In Post-election 'Obama Conquest' Edition, Newsweek Exults 'The War on Women Backfires'

Rolling with the martial theme of the current edition of Newsweek -- "The Obama Conquest Lucky General or Master of the Game" -- writer Michelle Goldberg exulted in the GOP's defeat with her story, "The War on Women Backfires." "Republicans thought they could get away with the endless attacks on the fairer sex. They couldn't have been more wrong," thundered the subheadline (emphasis Newsweek's).

Of course, as we've noted here at NewsBusters, Goldberg conducted her own war on conservative women earlier this year with an attack on the "insufferable" Ann Romney. But conservative women, apparently don't seem to matter to Goldberg, who sees as misogynistic the notion of cutting off federal taxpayer funding to Planned Parenthood, which of course happens to be the nation's largest abortion provider and hence largest murderer of unborn baby girls:


Still, the massive gender gap vindicates the president’s strategy of making issues like support for Planned Parenthood and insurance coverage for contraception central to his campaign. All modern Democratic presidential candidates run as defenders of Roe v. Wade, but Obama was unique in foregrounding women’s health, turning Planned Parenthood’s Cecile Richards and Georgetown Law graduate Sandra Fluke into major campaign surrogates. Some Democrats worried that he’d gone too far, particularly after a line about making abortion “safe, legal, and rare”—a formulation coined by Bill Clinton—was left out of the 2012 platform. It turns out, though, that a great many women responded to a candidate who defended their rights without hesitation or apology.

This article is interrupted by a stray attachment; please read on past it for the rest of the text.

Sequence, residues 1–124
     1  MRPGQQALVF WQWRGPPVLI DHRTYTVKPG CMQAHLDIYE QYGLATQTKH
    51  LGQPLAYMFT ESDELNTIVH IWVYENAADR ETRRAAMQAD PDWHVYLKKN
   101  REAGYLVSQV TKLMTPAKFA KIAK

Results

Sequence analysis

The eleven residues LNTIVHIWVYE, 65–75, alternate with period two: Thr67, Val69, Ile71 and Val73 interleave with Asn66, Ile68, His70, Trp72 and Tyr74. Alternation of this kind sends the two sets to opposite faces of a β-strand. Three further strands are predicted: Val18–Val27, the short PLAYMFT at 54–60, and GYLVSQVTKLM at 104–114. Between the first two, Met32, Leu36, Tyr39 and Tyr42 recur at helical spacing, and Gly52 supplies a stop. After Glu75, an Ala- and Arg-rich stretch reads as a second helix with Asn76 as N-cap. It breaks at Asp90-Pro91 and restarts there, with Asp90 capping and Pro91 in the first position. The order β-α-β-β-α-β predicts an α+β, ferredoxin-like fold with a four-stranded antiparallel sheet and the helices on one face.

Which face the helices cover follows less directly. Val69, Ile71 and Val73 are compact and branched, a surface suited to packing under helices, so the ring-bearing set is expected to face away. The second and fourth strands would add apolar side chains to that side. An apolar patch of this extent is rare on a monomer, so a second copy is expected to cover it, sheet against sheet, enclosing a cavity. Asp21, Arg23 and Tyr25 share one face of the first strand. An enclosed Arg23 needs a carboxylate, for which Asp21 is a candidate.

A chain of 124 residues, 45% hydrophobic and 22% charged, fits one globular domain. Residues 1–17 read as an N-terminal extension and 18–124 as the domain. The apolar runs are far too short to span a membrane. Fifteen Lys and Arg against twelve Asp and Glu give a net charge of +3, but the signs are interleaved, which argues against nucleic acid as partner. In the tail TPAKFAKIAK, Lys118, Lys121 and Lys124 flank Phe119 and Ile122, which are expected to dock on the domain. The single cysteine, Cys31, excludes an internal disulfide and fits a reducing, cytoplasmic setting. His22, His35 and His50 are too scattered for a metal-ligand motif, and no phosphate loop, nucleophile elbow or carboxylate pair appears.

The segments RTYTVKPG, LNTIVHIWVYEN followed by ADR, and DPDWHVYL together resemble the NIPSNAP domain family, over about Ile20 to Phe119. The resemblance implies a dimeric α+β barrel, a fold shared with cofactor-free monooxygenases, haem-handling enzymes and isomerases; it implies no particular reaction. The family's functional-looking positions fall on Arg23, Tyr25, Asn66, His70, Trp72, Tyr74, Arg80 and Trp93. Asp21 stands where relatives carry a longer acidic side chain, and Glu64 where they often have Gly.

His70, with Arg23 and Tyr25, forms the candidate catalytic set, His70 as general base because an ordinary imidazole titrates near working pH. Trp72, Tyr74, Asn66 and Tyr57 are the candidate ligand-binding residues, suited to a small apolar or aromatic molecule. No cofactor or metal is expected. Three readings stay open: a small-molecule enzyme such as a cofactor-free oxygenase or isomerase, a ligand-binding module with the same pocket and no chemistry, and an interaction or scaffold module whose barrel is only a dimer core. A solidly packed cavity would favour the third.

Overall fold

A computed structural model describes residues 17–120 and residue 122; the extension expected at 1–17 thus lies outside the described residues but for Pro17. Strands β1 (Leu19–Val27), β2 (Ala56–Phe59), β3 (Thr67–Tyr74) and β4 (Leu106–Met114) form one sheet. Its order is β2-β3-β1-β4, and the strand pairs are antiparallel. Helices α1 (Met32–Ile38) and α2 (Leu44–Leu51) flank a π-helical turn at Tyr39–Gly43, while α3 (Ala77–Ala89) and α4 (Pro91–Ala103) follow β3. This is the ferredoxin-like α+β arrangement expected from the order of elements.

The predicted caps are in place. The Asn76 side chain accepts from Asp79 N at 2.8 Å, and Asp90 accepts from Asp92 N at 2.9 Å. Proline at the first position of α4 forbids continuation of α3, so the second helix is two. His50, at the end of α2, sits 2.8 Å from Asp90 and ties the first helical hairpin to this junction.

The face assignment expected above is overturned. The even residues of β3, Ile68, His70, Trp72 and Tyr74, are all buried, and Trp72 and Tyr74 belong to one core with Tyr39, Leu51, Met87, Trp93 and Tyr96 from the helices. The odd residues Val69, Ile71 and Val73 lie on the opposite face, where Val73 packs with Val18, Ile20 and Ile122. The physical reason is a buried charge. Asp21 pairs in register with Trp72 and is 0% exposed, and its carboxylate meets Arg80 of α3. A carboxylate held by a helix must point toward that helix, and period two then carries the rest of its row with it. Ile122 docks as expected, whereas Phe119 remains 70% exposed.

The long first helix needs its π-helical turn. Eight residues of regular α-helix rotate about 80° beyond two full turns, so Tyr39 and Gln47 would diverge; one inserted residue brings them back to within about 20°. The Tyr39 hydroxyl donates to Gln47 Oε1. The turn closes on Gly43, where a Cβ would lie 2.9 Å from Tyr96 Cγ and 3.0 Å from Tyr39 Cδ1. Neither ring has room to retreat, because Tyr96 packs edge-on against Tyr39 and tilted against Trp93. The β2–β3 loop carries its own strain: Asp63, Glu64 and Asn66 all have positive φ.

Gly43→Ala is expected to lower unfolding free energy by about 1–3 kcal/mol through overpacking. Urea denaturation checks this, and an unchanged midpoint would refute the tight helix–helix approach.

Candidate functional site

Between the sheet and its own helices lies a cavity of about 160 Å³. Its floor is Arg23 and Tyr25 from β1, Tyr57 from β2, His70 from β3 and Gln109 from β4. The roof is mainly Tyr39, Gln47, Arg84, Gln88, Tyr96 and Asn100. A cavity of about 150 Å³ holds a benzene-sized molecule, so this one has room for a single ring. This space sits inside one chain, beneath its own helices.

It goes without saying that Goldberg failed to critique the Left for treating women voters as simply the sum of their lady parts nor did she examine the role liberal media outlets played in hyping the "war on women" meme.

From Planned Parenthood's "Yes, We Plan" to Lena Dunham's voting-for-Obama-is-like-losing-your-virginity ad to this cynical, exploitative Web ad  in the closing days of the campaign, the Left went for the women's vote by whipping up fear over reproductive rights issues rather than treat them as voters concerned with the economy, foreign policy, deficits and the debt, or presidential leadership. It was arguably the Left that waged war on women's intelligence by their campaign tactics.

But again, to Goldberg, what matters most is making conservatives gun-shy about touching the sacred cow that is Planned Parenthood. From the conclusion of her story:

The defeat of Akin and Mourdock, however, is going to make this interpretation a hard sell, as does the fact that Obama proudly trumpeted his pro-choice positions. That means that going forward, at least some Republican leaders are likely to be newly wary of alienating women. The House will be as conservative as ever, but it’s hard to imagine that it will soon make another threat to shut down the government over defunding Planned Parenthood. The new women in the Senate might even be able to make some progress on issues like equal pay. After Tuesday, any politician who is seen as fighting a “war on women” is going to know that he’s a likely casualty.

Campaigns & Elections 2012 Presidential Sexuality Abortion Birth Control Feminism Government & Press Michelle Goldberg